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The Great Pi/e Debate
Colin Adams and Thomas Garrity
Publisher: Mathematical Association of America (2006)
Topics: Recreational Mathematics, Number Theory, Mathematics for the General Reader
MAA Review[Reviewed by Sarah Boslaugh, on 12/28/2006]
Statisticians, as the saying goes, are people who are good at math but don't have enough personality to be accountants. I would hate to think where that leaves mathematicians: people who are good with numbers but don't have enough personality to be statisticians? Of course mathematicians know otherwise, but just try convincing the general population, whose first word association with "mathematician" may be "pocket protector" followed closely by "nerd." It's tough battling stereotypes, encouraging all the non-mathematicians you know to watch The Great Pi/e Debate would be one small step in the right direction.
The Great Pi/e Debate is a videotaped "debate" over the relative merits of everyone's favorite transcendental numbers, pi and e, staged for the 1st Year Family Weekend at Williams College on October 29, 2005, which is now available on DVD from the Mathematical Association of America. The debate participants are math professors at Williams: Colin Adams states the case for pi, Thomas Garrity is e's champion, and Edward Burger serves as moderator.
The form of the debate is similar to what you may remember from high school: first each participant states the case for his chosen number, then each has a opportunity for rebuttal. There's even a winner chosen by popular acclaim. But The Great Pi/e Debate is really less a debate than a comedy of manners in which the debaters serve up the conventions of academic discourse in high style. Observers of our current political discourse will also recognize the contestants using many underhanded "debating" tactics frequently exercised in a less humorous context. It's very clever and funny, although I wouldn't dream of spoiling the fun by giving away any of the professors' arguments, let alone who wins: you'll have to watch the video yourself to find that out. Who knows, maybe The Great Pi/e Debate will become an annual event which may someday rival in popularity the University of Chicago's latke/hamentash debates!
The Great Pi/e Debate is suitable for high school students and up, and younger students with a mathematical bent may enjoy it also. Not only will the students they be reminded of some of the basic facts of mathematics, they may even be convinced that math, and mathematicians, can be fun. At 40 minutes, this DVD fits nicely into the typical class period. Working mathematicians will also enjoy The Great Pi/e Debate, particularly those who want to take a brief and imaginary trip back to academia. Even the lack of technological sophistication is charming to those of us who live in the PowerPoint world: Professor Adams illustrates his arguments with transparencies on an overhead projector, while Professor Garrity writes on the blackboard. The one-camera setup and occasional sound glitches may also awaken nostalgic recollections of the AV department of your high school or college years.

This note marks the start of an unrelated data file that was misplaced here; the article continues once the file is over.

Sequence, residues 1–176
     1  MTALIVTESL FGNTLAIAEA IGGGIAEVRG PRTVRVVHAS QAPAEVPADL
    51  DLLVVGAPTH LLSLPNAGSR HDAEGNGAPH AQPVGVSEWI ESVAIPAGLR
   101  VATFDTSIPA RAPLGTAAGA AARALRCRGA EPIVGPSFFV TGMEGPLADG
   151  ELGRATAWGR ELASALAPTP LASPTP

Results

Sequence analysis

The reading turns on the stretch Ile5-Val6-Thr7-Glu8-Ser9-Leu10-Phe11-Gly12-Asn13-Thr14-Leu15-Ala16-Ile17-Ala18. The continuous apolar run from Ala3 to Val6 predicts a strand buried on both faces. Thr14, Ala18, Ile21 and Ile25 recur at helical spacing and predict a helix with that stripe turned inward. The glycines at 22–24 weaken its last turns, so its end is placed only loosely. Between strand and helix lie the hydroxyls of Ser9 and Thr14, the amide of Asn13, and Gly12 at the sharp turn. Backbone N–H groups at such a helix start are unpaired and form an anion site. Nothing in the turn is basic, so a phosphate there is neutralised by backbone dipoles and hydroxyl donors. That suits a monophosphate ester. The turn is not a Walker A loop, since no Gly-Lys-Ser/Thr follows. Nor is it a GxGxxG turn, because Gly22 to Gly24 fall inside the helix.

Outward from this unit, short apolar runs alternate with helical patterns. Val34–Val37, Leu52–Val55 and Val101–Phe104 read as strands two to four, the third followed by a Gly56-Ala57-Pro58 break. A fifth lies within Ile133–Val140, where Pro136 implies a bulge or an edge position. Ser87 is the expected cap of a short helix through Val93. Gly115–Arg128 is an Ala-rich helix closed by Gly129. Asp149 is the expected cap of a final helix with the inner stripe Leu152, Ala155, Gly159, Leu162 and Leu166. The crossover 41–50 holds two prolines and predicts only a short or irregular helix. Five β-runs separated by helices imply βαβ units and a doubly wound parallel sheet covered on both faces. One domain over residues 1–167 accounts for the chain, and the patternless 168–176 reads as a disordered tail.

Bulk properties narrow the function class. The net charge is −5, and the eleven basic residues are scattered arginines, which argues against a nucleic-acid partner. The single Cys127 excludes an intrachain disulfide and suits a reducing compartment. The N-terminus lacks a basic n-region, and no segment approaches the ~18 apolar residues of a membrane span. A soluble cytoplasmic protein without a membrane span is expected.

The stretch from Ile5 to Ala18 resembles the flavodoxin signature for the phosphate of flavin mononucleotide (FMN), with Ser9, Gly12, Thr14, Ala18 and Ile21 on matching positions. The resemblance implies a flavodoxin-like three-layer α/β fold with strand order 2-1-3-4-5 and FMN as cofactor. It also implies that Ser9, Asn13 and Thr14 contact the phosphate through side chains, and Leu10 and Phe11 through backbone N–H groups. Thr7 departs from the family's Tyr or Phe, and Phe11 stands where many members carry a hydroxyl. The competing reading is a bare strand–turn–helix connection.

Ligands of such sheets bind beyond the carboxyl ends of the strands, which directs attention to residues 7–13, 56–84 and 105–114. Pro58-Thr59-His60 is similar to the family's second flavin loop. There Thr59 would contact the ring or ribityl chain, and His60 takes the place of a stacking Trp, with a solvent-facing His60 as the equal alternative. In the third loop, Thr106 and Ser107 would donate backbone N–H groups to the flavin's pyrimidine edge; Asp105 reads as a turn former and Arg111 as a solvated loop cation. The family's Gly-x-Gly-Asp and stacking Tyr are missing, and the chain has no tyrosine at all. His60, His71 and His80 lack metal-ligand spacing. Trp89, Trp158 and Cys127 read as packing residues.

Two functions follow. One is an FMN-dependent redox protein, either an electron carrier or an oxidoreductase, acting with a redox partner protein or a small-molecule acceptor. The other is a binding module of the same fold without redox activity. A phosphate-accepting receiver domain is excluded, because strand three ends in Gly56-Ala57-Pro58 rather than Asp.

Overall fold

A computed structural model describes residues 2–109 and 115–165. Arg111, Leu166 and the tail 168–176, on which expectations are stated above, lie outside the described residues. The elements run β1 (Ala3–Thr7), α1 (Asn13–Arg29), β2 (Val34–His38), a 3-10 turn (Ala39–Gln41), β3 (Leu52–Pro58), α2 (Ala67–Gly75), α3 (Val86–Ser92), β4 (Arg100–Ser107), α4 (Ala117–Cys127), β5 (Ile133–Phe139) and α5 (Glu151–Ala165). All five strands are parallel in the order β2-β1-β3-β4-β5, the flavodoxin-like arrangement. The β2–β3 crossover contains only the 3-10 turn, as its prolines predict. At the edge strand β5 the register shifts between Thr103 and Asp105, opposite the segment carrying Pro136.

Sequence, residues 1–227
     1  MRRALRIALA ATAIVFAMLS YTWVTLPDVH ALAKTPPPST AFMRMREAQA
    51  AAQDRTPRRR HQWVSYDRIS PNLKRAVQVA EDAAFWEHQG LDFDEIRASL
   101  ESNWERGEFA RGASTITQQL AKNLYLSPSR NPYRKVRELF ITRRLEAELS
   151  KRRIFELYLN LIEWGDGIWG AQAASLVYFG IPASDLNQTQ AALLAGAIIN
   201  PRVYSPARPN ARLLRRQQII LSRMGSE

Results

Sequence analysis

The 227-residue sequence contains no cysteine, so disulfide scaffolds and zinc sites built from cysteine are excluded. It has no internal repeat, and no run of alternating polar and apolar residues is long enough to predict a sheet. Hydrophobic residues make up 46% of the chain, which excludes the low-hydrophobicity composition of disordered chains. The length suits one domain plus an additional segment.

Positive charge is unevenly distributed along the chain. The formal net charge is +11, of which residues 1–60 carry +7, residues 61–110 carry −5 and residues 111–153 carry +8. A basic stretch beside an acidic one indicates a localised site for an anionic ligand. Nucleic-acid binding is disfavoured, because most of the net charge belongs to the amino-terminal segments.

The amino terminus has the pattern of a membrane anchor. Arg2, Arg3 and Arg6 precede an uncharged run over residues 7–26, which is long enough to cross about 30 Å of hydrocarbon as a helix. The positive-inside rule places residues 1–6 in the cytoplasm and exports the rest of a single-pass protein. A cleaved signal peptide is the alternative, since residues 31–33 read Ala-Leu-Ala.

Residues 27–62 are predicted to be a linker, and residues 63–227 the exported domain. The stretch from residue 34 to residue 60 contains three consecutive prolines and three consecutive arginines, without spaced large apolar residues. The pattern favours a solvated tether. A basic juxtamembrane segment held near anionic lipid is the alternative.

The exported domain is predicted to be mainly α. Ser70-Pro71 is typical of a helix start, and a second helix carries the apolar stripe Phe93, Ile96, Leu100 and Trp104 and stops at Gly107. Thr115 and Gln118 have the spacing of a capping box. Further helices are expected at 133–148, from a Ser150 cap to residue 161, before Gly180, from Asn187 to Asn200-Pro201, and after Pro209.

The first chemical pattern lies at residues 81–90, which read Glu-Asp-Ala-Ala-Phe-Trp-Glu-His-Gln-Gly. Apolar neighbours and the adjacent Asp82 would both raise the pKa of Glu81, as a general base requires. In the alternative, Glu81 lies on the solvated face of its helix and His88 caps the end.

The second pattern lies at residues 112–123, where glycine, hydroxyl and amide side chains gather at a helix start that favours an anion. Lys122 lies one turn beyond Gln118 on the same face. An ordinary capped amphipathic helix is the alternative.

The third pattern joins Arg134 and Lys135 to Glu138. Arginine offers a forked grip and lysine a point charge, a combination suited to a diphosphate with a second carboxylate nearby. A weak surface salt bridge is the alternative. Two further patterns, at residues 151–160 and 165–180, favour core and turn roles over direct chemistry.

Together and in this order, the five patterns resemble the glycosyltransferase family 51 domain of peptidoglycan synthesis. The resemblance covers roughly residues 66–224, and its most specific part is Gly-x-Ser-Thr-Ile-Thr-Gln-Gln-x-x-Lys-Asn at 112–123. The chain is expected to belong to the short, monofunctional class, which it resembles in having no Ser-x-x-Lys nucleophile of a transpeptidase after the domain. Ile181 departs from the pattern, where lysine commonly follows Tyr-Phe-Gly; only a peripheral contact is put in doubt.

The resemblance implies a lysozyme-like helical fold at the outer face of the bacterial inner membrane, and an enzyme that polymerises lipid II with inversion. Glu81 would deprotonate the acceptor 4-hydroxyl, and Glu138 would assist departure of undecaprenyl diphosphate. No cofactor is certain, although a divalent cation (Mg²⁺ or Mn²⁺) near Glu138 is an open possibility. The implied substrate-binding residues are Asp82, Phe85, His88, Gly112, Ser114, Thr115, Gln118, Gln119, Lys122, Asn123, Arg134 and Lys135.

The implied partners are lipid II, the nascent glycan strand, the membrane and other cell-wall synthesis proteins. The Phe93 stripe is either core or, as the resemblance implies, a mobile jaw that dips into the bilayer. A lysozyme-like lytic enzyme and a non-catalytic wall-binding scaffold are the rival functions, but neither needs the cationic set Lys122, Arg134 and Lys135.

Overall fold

Colin Adams is the Francis Christopher Oakley Third Century Professor of Mathematics at Williams College. Dr. Adams has published numerous articles and three books and is no stranger to the lighter side of mathematics, having created the character "Mel Slugbate," real estate agent in hyperbolic space, which he plays on several videos. Thomas Garrity is Professor of Mathematics at Williams College, where he was awarded the Deborah and Franklin Tepper Haimo Distinguished Teaching Award in 1998 and the Cherry Award for Great Teaching in 2003. Dr. Garrity has numerous publications, including the book All the Mathematics You Missed[But Need to Know for Graduate School] (Cambridge, 2002). Edward Burger is the Chair of the Department of Mathematics and Statistics at Williams College and has published numerous journal articles, books and multimedia materials.
Sarah Boslaugh is a Performance Analyst for BJC HealthCare and an adjunct professor at the Washington University School of Medicine in St. Louis, Missouri. She has written two books, An Intermediate Guide to SPSS Programming: Using Syntax for Data Management (Sage, 2005) and Secondary Data Sources for Public Health: A Practical Guide (Cambridge University Press, forthcoming 2007) and is editor-in-chief of The Encyclopedia of Epidemiology (forthcoming from Sage, 2007).
Although I have enjoyed Colin Adams's humorous presentations before and although I respect the professional qualifications of both "debaters," I was disappointed in the dearth of mathematical content in this DVD. I think the constant tomfoolery (pun intended) was perfect for its intended Parents' Day audience at Williams, but I question the wisdom of packaging and selling this performance to a more mathematically sophisticated audience.